Making the decision to divorce is never an easy one. If you are considering it yourself, then understand that you are not alone. Many marriages end for reasons having nothing to do with one of the partners. A marriage requires both partners be fully engaged, and sometimes this isn’t the case. Included below are some warning signs for you to use to judge your own marriage.
There are multiple signs that it may be time to consider a divorce, including your partner saying that they no longer love you, a refusal to go to couples counseling, a difference between what your partner says and does, one of you has moved out of the house, you both are no longer included in each other’s daily life, or your partner purposely tries to hurt you.
If you may be experiencing some of the above warning signs, then consider the following for examining your marriage.
1. Lines of Communication
What any marriage ultimately comes down to is communication. Can you still communicate with your significant other? Can you be truthful, and like adults, sit down and discuss your feelings? If you can do this, then having a conversation will be painful, but may help salvage the relationship. Sadly, reaching true communication requires that both people be up for it, and more often then not, only one person is usually ready. If you believe your lines of communication are broken and your spouse refuses to open up, a divorce might lie ahead.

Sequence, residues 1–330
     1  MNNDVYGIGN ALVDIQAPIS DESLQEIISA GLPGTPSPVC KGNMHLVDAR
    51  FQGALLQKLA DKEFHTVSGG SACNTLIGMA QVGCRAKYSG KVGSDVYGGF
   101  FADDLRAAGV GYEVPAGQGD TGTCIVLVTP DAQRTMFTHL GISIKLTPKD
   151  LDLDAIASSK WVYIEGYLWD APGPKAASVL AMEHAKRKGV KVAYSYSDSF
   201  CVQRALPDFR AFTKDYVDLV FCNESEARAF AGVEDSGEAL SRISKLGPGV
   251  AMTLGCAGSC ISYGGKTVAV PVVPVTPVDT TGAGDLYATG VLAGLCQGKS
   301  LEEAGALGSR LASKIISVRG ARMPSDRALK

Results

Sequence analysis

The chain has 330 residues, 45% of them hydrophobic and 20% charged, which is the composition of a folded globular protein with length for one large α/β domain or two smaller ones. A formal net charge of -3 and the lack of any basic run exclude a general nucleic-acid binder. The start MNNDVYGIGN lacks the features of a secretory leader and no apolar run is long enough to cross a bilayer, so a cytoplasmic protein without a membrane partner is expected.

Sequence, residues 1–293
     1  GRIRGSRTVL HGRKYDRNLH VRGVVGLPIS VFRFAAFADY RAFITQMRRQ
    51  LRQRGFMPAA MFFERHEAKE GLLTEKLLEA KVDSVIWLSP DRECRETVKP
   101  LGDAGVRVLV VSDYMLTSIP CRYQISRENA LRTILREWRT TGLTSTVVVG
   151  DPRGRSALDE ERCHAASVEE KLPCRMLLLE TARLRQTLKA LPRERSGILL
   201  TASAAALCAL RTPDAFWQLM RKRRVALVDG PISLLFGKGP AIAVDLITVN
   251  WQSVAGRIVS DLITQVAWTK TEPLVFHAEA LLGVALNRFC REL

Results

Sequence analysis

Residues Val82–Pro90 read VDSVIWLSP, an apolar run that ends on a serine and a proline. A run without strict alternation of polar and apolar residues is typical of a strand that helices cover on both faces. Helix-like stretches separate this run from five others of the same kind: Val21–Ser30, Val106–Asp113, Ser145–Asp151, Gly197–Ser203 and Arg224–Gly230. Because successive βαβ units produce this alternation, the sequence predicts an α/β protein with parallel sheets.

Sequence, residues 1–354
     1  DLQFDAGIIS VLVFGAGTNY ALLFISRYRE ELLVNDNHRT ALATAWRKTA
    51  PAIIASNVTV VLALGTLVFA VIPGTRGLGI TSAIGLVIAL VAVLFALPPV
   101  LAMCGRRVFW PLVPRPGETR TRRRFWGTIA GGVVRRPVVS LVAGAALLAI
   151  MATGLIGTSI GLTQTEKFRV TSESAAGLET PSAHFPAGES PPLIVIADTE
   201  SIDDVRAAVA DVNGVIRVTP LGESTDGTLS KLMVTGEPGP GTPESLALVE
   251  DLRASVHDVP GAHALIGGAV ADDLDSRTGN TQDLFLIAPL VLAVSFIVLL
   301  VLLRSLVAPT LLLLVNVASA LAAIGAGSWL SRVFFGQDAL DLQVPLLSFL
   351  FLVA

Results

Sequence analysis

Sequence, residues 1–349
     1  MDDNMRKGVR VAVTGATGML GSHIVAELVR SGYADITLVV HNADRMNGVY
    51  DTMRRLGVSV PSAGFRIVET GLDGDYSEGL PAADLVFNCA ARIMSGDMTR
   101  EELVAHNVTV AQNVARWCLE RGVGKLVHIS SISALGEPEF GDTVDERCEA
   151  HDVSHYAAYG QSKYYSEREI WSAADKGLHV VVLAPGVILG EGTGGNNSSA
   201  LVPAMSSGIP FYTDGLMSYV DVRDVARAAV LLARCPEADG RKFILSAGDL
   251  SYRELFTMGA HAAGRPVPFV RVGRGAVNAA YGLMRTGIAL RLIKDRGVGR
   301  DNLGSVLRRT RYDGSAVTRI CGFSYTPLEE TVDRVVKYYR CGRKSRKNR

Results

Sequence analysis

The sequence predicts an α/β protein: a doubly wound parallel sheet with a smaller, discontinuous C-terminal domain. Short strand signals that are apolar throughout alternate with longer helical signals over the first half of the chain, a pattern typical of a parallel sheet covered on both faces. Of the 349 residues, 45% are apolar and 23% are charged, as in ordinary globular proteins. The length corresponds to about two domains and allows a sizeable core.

2. Separating Yourself
For many people potentially looking at divorce, the entire decision may seem fraught with difficulty and complications. You may be at the point where a divorce is the right idea, but still be having difficulty in justifying why. For making up your mind on divorce, below is a brief hint.
What many people do in this situation is to take some time to examine themselves outside of their partner. Imagine yourself now, and list only those things that you want, outside of your partner. You are responsible for these things. You are responsible for your dreams, your emotions, and your future. A partner can help you, but in the end, you have to think about yourself outside of the relationship. If the relationship is bringing you down and divorce seems likely, then it may be time to move on.
3. Contact a Divorce Therapist
Going through this period in your life means a lot of change and can be very painful. What many people do to help cope with the situation is to seek the experience and aid of a divorce therapist. Sadly, divorces happen all too often in our society. Thankfully, there are trained individuals willing to help and see you through this tough period in your life. A therapist can help you examine whether a divorce is truly in your best interests, and if it is, they can give you the support you need to get through it.
If you need help with your relationship, contact a relationship therapist to get the guidance needed to navigate this difficult time. You’ll be glad you did.